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Original Research: CYSTIC FIBROSIS |

Oral Corticosteroid Therapy in Cystic Fibrosis Patients Hospitalized for Pulmonary Exacerbation*: A Pilot Study

Mark Dovey, MD; Moira L. Aitken, MD, FCCP; Julia Emerson, MD, MPH; Sharon McNamara, RN; David A. Waltz, MD; Ronald L. Gibson, MD, PhD
Author and Funding Information

*From the Section of Pediatric Pulmonology and Allergy (Dr. Dovey), St. Christopher’s Hospital for Children, Philadelphia, PA; Department of Medicine (Dr. Aitken), University of Washington, Seattle, WA; Department of Pediatrics (Dr. Emerson, Ms. McNamara, and Dr. Gibson), University of Washington School of Medicine/Children’s Hospital and Regional Medical Center, Seattle, WA; and Novartis Institutes-Biomedical (Dr. Waltz), Cambridge, MA.

Correspondence to: Moira L. Aitken, MD, FCCP, Division of Pulmonary and Critical Care Medicine, Box 356522, University of Washington Medical Center, 1959 NE Pacific St, Seattle WA 98195-6522; e-mail: moira@u.washington.edu



Chest. 2007;132(4):1212-1218. doi:10.1378/chest.07-0843
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Background: We hypothesized that adding 5 days of prednisone to standard therapy for acute pulmonary exacerbations in patients with cystic fibrosis (CF) would result in a more rapid and greater increase in lung function.

Methods: CF patients with an acute pulmonary exacerbation were randomized to receive oral placebo or prednisone, 2 mg/kg/d up to 60 mg, on days 1 to 5 in addition to standard therapy. Study evaluations on days 1 to 6, 14, and 42 included spirometry, glucose measurements, sputum analysis, and symptom scores.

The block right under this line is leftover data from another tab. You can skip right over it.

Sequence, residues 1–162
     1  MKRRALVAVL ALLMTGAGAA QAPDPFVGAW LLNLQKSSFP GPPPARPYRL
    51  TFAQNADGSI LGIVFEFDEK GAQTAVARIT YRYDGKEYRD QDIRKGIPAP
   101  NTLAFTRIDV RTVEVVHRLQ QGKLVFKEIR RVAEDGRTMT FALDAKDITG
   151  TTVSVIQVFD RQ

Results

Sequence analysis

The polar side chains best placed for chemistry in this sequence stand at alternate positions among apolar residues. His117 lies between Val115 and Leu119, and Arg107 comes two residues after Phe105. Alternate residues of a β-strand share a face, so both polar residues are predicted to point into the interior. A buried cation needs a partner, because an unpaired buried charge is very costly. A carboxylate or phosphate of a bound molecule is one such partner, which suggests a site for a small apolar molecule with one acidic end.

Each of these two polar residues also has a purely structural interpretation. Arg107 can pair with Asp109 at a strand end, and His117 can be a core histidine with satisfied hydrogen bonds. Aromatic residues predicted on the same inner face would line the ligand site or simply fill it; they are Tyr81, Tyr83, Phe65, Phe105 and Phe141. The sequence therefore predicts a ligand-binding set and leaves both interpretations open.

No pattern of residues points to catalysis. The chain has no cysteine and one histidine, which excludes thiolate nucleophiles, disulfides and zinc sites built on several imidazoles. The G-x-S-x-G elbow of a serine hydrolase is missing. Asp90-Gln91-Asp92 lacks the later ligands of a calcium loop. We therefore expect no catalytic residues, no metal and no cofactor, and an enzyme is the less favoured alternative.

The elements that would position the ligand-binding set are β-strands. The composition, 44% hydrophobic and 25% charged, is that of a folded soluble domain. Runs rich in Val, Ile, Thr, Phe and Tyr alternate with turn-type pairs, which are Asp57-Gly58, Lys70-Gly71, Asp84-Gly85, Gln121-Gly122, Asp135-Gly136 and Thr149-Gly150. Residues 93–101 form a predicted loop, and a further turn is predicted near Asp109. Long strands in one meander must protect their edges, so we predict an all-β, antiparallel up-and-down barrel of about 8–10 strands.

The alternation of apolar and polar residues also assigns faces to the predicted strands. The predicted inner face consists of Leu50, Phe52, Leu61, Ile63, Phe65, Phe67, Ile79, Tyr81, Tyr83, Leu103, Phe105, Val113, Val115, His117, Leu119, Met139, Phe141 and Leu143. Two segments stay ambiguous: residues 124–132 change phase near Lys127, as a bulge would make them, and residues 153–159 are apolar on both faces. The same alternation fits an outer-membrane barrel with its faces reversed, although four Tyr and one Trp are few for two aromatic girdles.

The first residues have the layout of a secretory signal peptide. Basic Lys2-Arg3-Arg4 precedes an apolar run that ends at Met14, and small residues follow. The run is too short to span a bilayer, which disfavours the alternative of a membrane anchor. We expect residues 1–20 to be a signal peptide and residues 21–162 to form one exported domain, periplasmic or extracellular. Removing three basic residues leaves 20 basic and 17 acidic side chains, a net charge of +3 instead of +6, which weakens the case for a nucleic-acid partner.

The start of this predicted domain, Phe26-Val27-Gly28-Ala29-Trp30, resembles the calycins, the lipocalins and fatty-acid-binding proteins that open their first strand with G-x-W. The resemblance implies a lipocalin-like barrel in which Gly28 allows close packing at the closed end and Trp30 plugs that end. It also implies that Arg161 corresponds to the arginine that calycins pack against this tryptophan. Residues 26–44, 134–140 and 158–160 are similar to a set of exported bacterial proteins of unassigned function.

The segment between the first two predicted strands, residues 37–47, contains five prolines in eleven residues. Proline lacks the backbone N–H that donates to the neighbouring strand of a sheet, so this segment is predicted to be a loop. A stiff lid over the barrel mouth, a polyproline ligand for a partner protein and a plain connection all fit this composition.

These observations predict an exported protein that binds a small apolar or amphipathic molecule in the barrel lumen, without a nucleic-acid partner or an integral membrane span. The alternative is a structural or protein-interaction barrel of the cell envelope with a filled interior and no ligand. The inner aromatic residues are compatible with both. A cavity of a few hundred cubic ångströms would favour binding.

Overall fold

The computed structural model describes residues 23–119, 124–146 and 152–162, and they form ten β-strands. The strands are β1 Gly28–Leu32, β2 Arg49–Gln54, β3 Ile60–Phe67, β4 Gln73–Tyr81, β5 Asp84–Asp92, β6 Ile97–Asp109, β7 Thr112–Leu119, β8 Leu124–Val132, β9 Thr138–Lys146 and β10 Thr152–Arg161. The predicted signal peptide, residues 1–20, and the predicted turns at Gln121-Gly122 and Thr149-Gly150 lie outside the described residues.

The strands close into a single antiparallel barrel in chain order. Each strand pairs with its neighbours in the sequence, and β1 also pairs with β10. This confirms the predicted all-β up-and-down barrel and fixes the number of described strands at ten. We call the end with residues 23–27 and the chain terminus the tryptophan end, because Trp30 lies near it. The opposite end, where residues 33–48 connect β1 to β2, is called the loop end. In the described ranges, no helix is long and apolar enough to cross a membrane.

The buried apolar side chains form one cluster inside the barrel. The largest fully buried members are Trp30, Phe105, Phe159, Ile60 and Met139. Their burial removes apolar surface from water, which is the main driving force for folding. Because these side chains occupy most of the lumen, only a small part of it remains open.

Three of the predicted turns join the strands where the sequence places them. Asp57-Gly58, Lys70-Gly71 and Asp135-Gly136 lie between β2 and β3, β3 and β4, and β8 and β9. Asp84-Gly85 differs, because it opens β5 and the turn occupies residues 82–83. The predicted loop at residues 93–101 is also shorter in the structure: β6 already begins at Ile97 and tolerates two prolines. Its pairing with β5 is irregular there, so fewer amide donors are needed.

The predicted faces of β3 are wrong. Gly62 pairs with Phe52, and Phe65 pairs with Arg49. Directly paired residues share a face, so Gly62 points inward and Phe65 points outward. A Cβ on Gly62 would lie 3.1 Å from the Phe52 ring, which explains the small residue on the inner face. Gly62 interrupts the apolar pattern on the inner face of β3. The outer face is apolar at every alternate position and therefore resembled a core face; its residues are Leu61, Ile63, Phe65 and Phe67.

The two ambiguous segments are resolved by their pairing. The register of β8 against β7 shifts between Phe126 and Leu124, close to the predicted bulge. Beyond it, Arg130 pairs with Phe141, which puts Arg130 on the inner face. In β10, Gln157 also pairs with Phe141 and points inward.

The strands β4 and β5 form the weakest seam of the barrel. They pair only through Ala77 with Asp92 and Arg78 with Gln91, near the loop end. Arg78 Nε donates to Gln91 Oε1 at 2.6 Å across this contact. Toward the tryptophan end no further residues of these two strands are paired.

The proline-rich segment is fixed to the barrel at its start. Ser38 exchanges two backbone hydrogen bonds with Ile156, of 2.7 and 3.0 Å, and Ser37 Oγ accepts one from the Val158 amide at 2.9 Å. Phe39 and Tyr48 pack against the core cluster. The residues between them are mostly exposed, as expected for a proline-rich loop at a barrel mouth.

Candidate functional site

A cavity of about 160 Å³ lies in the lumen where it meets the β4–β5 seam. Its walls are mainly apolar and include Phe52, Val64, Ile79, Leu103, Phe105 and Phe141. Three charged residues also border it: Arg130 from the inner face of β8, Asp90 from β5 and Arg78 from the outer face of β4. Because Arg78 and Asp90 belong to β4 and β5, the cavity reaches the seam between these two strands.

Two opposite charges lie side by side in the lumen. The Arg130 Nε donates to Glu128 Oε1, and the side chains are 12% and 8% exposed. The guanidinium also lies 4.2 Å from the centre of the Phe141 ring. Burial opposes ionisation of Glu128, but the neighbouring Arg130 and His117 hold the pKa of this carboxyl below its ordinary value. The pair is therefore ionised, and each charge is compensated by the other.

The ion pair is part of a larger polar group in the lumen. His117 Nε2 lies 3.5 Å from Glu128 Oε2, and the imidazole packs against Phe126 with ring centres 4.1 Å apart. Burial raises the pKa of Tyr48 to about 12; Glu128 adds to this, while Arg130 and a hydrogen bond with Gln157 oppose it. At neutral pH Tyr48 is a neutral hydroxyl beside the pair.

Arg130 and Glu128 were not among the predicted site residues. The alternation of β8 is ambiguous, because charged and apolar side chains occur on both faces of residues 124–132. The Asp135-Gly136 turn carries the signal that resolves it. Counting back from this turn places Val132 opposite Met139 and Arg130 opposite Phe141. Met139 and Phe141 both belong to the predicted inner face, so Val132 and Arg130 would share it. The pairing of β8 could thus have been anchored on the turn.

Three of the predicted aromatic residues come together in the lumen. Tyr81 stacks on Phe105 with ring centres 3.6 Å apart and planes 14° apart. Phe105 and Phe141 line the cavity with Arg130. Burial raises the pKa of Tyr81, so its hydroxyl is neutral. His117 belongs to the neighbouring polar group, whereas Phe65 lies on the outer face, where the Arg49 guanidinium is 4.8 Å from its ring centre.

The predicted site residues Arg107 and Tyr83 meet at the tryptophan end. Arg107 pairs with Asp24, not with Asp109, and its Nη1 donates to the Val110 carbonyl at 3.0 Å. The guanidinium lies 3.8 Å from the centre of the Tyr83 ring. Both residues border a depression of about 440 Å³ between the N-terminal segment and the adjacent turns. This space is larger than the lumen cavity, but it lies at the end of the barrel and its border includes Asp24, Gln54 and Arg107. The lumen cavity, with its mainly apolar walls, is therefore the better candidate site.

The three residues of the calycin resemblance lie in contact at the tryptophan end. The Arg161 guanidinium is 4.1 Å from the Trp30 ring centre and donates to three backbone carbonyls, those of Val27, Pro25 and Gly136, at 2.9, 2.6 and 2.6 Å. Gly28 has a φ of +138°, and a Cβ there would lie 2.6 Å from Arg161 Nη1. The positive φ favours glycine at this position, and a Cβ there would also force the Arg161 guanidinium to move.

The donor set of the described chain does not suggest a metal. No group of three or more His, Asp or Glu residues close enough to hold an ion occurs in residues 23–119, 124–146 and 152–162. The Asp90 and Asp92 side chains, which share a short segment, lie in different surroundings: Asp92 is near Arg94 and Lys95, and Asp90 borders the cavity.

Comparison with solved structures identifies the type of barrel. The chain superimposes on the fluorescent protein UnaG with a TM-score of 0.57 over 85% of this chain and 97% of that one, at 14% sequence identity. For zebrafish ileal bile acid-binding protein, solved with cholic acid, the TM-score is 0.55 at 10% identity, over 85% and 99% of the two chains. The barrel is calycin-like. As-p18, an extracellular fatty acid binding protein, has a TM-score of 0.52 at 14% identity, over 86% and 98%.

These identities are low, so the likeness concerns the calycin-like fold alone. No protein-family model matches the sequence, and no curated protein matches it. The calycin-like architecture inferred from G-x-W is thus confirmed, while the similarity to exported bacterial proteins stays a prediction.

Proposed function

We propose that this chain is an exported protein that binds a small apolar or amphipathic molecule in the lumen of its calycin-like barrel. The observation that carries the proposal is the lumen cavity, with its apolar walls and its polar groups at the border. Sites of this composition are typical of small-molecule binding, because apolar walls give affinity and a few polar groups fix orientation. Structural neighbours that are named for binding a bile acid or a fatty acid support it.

Results: Twelve subjects were randomized to each arm. The slope of FEV1 between day 1 and day 6 did not differ between evaluable subjects in the prednisone vs placebo groups (52 mL/d vs 51 mL/d, respectively). Mean increase in FEV1 percentage of predicted did not differ significantly between prednisone vs placebo groups (day 6 [mean ± SD], 12.2 ± 5.2% vs 8.1 ± 10.5%; day 14, 14.7 ± 8.8% vs 10.2 ± 11.2%, respectively). Sputum inflammatory markers and symptom scores decreased between day 1 and day 14, but mean values did not differ between groups. Glucosuria occurred in six prednisone subjects, two of whom had hyperglycemia develop.

Conclusions: In this pilot study, addition of oral corticosteroids to standard CF pulmonary exacerbation therapy did not result in a statistically significant effect on lung function or sputum markers of inflammation. Based on a trend toward improvement in pulmonary function with prednisone therapy, we obtained information for power calculations for a definitive study: 250 randomized subjects are required to detect a four-percentage-point treatment effect in FEV1 percentage of predicted at day 14 to discriminate between null and alternative hypotheses.

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